Fact and Fiction in Natalie Savage Carlson's Autobiographical Stories: A Personal View
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Fact and Fiction in Natalie Savage Carlson's Autobiographical Stories
A Personal View

When I was sick in bed as a child, I was treated to nearly an hour of my mother's undivided attention before it was time for me to go to sleep each night. The choice of entertainment was always mine. Usually I would ask my mother, Natalie Savage Carlson, to "tell me about when you were a little girl, Mama." She often reminisced about life at "Shady Grove" and her Visitation Convent boarding school days. It was almost worth being sick to hear about stunt riding on circus horses, and I even felt as if I were the one who rescued her pet doves.

Many years of publishing successful juvenile books about foreign places like Paris and sometimes fantastic characters like the bear Alphonse went by before my mother decided to draw on her own childhood for The Half Sisters (New York: Harper, 1970). It closes with the heroine Luvvy leaving the home nest to go to boarding school with her older half sisters. The inconclusive ending almost demanded its sequel, Luvvy and the Girls (New York: Harper, 1971). This is how my mother explains what finally inspired her to draw on her own background instead of seeking out new places and plots for her stories:

Years ago when my editor at Harpers suggested that I write a book based on my childhood, I was completely uninterested. It was much more interesting to visit a colorful, out-of-the-way place and to write about the children I found there. Then, on a trip south, I made a detour to see what Time had done to "Shady Grove," my childhood home in Maryland. The large farmhouse showed a half-century of neglect. Black tar-paper covered the two wings, the green shutters were gone and so were many of the old trees whose shade had given the farm its name. The nearby village of Weverton was being scooped out for a freeway. The Chesapeake and Ohio Canal was only a weed-grown ditch with one of the wooden locks rotting into the ground. The railroad tracks that followed the canal were rusted. There was no trace of the blockhouses which had sheltered poor squatters. No one I contacted in Brunswick, the nearest "big town," knew that horse tournaments had once been held there. I was filled with nostalgia. If only I could bring back that beautiful, rugged region of western Maryland as it had been in the old days! I could and I did. I [End Page 157] wrote The Half Sisters and Luvvy and the Girls so a way of life gone forever wouldn't be forgotten.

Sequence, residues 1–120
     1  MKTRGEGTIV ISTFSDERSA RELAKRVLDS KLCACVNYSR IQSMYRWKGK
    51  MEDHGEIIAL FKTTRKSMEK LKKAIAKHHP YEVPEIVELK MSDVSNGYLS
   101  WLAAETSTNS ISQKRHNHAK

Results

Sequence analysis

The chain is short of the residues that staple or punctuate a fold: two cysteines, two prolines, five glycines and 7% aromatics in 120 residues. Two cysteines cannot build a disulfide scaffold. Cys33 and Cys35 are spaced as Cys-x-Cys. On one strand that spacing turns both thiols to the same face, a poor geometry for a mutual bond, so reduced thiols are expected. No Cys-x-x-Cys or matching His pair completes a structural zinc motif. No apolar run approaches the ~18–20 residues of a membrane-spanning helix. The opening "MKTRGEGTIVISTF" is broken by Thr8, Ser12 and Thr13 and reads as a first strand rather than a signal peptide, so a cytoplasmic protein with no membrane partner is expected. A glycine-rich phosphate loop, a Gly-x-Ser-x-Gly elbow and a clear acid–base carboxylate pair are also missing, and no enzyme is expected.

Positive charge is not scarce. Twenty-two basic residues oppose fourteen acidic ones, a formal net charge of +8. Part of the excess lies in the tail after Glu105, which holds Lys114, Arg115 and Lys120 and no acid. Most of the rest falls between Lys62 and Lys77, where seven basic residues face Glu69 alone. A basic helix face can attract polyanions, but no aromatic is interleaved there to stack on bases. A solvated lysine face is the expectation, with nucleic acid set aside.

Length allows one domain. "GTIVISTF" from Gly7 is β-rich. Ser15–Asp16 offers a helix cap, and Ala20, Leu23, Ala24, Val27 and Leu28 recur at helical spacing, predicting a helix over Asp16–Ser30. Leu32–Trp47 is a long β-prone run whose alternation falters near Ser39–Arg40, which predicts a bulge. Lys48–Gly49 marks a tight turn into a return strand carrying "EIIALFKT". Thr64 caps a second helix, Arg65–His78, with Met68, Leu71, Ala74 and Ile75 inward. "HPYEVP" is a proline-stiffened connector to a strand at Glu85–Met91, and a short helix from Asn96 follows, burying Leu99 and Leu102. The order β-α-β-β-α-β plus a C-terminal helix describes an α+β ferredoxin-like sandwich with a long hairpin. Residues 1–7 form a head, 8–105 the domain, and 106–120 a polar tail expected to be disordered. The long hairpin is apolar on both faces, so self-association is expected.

While the books provide an authentic picture of childhood in the colorful locale of Weverton, Maryland, during the early twenties, certain departures from strict factual reporting have necessarily taken place. For example, when my mother supplied the illustrator with snapshots of "Shady Grove" and Frederick Visitation Academy, he drew accurate backgrounds. But since she had no family pictures of that period to give him, Thomas di Grazia created a curly-haired family with a very Italian-looking Papa. My mother observes: "I have noticed that artists prefer to give their own pictorial interpretation to the characters I create." Although members of the Savage family may chuckle over their unaccustomed curls, readers, in any case, like artists, probably imagine the physical appearance of characters for themselves, no matter what they may look like in the mind of an author. Some changes from autobiographical fact, however, my mother introduced with a definite purpose in view.

Luvvy's struggle in The Half Sisters is the aspiration of an eleven-year-old girl going on twelve to be grown up. Although she is the oldest of Papa's brood of children by his second wife, she does not wish to be associated with them. Rather, she desperately desires to be accepted by her older half sisters and to join them at boarding school. Actually, by constantly nagging her parents, my mother gained permission to go away to boarding school at the tender age of five. Her acceptance by...